You probably would not go to Champasak if it was not for Wat Phu but the town more a village has a subtle charm that will hold you for a couple of days.
It is, much of it, rotting away: the French legacy of pre-1940 houses, with their once-fashionable decorations that can be seen all over French Indochina, fading and cracking, green mould and brown stains.
Between them on the long main street are wooden buildings, tortured out of shape, shattered, rotting but still there, still home to the people, still a backdrop to the water buffalo parked in the flooded monsoon ditches outside.
Off the main road, the homes are more recent, in good repair, and even in the main street there are some newer buildings, including guest houses and rooms for travellers.
The secondary school, on a parallel unmade road between the main street and the stretching agricultural land, is square and functional but the children are bright and eager, well-dressed, and with a smile and a wave for passing falangs.
Their younger brothers and sisters go to the infants and junior classes in the grounds of the biggest and best kept wat Wat Thong, once used by the Lao royalty and still containing the ashes of a king, princesses and princes.
Just out of the town, the tiny homes of people who live on fishing in the Mekong and its tributaries, stand neatly against the sky and the unseen drop of 40ft into the river.
But perhaps the strangest and most beautiful place to see is an old, poor wat at the Wat Phu end of Champasak: there, more than anywhere, the beautiful colours of the living death of fading glories and new natural growth grips the senses.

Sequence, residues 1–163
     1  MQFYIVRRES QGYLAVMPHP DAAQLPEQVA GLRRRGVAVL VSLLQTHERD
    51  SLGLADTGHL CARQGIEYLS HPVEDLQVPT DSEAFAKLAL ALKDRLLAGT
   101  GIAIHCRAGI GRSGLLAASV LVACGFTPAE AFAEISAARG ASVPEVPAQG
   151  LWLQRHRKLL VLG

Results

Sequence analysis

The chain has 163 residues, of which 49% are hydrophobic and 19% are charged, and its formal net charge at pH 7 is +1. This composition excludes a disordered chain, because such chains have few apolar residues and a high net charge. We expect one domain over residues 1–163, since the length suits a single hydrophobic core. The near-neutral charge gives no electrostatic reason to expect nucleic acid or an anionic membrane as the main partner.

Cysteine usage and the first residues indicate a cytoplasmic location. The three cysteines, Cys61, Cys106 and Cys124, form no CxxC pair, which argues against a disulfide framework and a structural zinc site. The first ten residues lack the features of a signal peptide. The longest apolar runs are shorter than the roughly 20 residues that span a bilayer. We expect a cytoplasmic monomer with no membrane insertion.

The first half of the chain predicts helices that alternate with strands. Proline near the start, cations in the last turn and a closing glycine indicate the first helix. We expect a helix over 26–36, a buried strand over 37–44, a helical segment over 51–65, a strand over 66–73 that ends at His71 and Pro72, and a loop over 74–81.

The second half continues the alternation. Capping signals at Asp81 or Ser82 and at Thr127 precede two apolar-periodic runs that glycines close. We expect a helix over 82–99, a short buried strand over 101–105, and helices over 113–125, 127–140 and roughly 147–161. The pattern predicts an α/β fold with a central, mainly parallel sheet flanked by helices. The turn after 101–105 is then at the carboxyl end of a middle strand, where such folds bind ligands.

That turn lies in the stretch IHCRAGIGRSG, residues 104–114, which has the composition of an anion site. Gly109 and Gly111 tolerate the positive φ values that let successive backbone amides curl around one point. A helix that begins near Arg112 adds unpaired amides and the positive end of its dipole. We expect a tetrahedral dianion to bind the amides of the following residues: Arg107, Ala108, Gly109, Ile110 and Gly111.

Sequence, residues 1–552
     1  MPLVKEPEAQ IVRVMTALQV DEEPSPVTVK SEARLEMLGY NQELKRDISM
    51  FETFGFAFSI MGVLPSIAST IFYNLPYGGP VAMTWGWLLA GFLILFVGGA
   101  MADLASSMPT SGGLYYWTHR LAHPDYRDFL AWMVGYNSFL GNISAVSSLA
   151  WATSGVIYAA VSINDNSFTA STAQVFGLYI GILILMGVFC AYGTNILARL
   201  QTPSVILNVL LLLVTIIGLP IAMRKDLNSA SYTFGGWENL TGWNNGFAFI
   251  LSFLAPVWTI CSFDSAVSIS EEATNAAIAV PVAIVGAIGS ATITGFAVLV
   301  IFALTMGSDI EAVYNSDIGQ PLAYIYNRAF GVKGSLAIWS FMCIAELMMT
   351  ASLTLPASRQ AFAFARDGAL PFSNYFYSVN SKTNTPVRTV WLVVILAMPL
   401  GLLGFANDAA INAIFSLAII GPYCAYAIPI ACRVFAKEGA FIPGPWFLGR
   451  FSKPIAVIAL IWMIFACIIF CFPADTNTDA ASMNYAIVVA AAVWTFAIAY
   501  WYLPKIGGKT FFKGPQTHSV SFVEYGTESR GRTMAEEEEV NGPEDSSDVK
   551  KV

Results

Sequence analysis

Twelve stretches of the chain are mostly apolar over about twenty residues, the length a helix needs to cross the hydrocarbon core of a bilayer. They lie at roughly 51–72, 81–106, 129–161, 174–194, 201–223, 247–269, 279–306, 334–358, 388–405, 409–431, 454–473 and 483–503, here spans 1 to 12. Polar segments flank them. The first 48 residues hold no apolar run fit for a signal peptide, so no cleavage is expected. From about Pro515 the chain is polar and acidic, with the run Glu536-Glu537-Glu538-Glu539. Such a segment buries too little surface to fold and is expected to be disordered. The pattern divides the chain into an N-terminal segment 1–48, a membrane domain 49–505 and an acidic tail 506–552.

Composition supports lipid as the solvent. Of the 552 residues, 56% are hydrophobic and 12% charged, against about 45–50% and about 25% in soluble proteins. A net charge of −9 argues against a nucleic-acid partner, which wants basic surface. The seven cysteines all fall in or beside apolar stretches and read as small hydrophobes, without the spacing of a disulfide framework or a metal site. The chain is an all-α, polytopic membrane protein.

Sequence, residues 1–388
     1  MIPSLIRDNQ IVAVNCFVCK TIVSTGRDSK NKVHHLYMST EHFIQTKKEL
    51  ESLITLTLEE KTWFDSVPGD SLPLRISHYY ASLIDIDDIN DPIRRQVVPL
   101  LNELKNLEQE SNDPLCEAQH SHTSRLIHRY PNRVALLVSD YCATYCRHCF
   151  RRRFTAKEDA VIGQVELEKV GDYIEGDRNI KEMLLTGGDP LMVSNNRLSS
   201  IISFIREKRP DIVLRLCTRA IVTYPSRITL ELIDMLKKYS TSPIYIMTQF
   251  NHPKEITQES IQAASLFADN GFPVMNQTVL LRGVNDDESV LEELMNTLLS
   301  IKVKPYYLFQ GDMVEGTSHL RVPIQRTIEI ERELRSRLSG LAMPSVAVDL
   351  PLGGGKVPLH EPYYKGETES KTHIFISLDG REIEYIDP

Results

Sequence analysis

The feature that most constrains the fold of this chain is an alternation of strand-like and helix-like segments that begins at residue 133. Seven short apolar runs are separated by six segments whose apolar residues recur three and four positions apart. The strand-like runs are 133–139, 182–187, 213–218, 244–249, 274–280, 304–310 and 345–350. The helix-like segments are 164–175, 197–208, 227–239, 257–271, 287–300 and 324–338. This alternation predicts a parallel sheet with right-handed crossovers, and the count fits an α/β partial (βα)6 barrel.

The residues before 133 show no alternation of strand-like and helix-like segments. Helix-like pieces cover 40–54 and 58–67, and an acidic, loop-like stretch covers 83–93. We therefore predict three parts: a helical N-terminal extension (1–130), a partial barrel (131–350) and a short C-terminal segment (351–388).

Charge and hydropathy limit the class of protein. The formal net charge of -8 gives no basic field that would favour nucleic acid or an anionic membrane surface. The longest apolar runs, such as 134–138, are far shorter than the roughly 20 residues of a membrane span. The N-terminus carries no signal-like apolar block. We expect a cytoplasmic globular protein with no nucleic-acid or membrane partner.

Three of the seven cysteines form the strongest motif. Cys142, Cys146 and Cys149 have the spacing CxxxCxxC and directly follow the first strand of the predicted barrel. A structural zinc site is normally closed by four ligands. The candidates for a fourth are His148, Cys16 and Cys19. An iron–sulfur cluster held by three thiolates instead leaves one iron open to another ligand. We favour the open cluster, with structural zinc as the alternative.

You can walk the length of Champasak but it is more fun hiring the clapped-out old motorcycle and sidecar that plies for hire; and the tuk-tuks will take you anywhere. One nearly took us to our death (see On The Road: Champasak).
And there are plenty of reasonable places to stay, though only one good eating place was open when we were there in the early storms of the May 2001 monsoon season. It is near the fountain at the entrance to the town, a little open shack of a place on the right by the T-junction. They can rustle up an English speaker and a very good meal, including a few vegetarian options.
A thousand years ago, according to academics, Champasak was a kilometre wide and two kilometres long, on a site a few miles away from its present location.
It was a thriving, bustling nerve centre of the Khmer empire, a place of intellectual and religious fever in an optimistic culture.
It's not like that today. But the people are friendly and interesting, and the place is great for a couple of days. You can hire bikes, take river trips to nearby places, explore the temples, watch the fishing and the work in the rice paddies.
And it is very handy for a visit or two to Wat Phu.
Get to Champasak by bus or river from Pakse; bus links to Si Phan Don See, also, On The Road: Champasak